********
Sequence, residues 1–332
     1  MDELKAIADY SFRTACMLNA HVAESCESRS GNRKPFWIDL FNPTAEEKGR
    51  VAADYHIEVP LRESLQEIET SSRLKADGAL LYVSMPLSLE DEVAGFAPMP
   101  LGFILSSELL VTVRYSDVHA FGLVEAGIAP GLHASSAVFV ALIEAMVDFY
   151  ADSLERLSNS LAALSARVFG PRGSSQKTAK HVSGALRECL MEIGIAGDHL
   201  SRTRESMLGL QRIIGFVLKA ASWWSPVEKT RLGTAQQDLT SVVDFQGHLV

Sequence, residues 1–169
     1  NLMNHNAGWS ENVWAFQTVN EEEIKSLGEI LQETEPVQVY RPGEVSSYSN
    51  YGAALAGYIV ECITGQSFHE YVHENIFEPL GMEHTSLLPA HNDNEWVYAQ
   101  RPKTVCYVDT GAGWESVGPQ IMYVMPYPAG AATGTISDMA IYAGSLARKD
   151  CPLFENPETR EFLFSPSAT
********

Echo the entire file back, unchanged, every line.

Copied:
Sequence, residues 1–332
     1  MDELKAIADY SFRTACMLNA HVAESCESRS GNRKPFWIDL FNPTAEEKGR
    51  VAADYHIEVP LRESLQEIET SSRLKADGAL LYVSMPLSLE DEVAGFAPMP
   101  LGFILSSELL VTVRYSDVHA FGLVEAGIAP GLHASSAVFV ALIEAMVDFY
   151  ADSLERLSNS LAALSARVFG PRGSSQKTAK HVSGALRECL MEIGIAGDHL
   201  SRTRESMLGL QRIIGFVLKA ASWWSPVEKT RLGTAQQDLT SVVDFQGHLV

Sequence, residues 1–169
     1  NLMNHNAGWS ENVWAFQTVN EEEIKSLGEI LQETEPVQVY RPGEVSSYSN
    51  YGAALAGYIV ECITGQSFHE YVHENIFEPL GMEHTSLLPA HNDNEWVYAQ
   101  RPKTVCYVDT GAGWESVGPQ IMYVMPYPAG AATGTISDMA IYAGSLARKD
   151  CPLFENPETR EFLFSPSAT